Regulatory Resources for Neural Devices

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If you are developing or using a new neural device in humans, ready to register your device for clinical trials, or thinking about bringing your device to market, learn more about how to get feedback from the FDA on your device and clinical testing plans before starting the regulatory approval process.

Translating neural devices from animals to humans is key to the BRAIN Initiative’s goal of developing new technologies to better understand the human brain. Initial feasibility studies, clinical trials, and device marketing are all stages of device development that may require some regulatory engagement.

The resources below can benefit BRAIN Initiative applicants, investigators, or anyone seeking guidance on neural device regulations, including those using novel technologies or “first-of-a-kind” devices and participants in the BRAIN Initiative Public-Private Partnership Program (BRAIN PPP), which facilitates collaborative clinical studies between investigators and manufacturers of novel Class III (invasive, risky) neural devices.

The Food and Drug Administration (FDA) can help you navigate potential and planned neural device submissions! The Q-Submission (Q-Sub) program is an excellent (and often underutilized) system that allows applicants to request pro-bono, formal FDA feedback on device applications. Q-Subs can be used to prepare for several medical device submission types, including Premarket Notifications (510(k)), De Novo requests, Investigational Device Exemptions (IDE), Premarket Approvals (PMA), and Humanitarian Device Exemptions (HDE), and many more.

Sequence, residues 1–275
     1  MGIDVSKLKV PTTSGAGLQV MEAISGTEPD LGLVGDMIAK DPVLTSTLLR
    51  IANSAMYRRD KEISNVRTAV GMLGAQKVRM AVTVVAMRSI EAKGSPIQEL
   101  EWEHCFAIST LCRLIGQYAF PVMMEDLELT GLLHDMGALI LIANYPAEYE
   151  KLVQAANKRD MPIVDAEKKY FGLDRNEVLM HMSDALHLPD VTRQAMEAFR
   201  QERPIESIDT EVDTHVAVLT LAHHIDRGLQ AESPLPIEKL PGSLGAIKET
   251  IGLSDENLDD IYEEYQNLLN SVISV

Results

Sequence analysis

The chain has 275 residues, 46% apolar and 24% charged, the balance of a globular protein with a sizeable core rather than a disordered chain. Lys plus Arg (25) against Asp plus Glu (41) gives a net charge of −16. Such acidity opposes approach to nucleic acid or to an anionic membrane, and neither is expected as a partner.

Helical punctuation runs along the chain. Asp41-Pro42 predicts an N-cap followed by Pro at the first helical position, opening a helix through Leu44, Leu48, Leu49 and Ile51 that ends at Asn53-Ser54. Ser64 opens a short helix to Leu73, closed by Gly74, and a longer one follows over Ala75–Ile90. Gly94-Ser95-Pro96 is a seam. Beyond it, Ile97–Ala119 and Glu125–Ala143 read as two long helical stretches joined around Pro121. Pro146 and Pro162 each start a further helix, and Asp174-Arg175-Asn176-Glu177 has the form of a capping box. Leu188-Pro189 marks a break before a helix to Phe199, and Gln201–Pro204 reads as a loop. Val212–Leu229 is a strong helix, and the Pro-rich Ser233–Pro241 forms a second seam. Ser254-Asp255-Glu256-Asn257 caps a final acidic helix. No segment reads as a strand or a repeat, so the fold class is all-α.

There are a few ways to request feedback, each of which serves a different purpose:

  • Pre-Submissions (Pre-Subs) allow you to request feedback on future device or marketing submissions. Typically, Pre-Subs can help you develop a device, foresee research hurdles, create protocols, and plan premarket applications.
  • Submission Issue Requests (SIR) are a way to discuss review issues raised in IDEs or hold letters. SIRs can help you quickly address issues and move your project forward.
  • Study Risk Determinations can help you determine whether your device poses significant risk to patients or if it is exempt from IDE regulations.

Details about each request type and the Q-Sub process can be found in the FDA’s guidance document  Requests for Feedback and Meetings for Medical Device Submissions: The Q-Submission Program.

Applicant participation in the program is voluntary and the feedback format varies by Q-Sub type. Generally, you can request an in-person meeting, teleconference, or written response. The FDA Center for Devices and Radiological Health also recently published a review paper in Neuromodulationwhere FDA staff overview device regulation, discuss therapeutic neurostimulation devices, and offer tips on how to best engage the FDA.

Looking for more regulatory resources? The FDA provides guidance documents (and a user-friendly search engine) on all types of regulatory submissions, including IDEs for early feasibility and first-in-human studies, and more. The Brain Initiative Alliance website also lists resources under the “FDA Documents” tab here.

Other BRAIN PPP resources not related to FDA approvals, including information on disclosures and agreements between academic institutions and device manufacturers, can be found on the NIH BRAIN Initiative website here.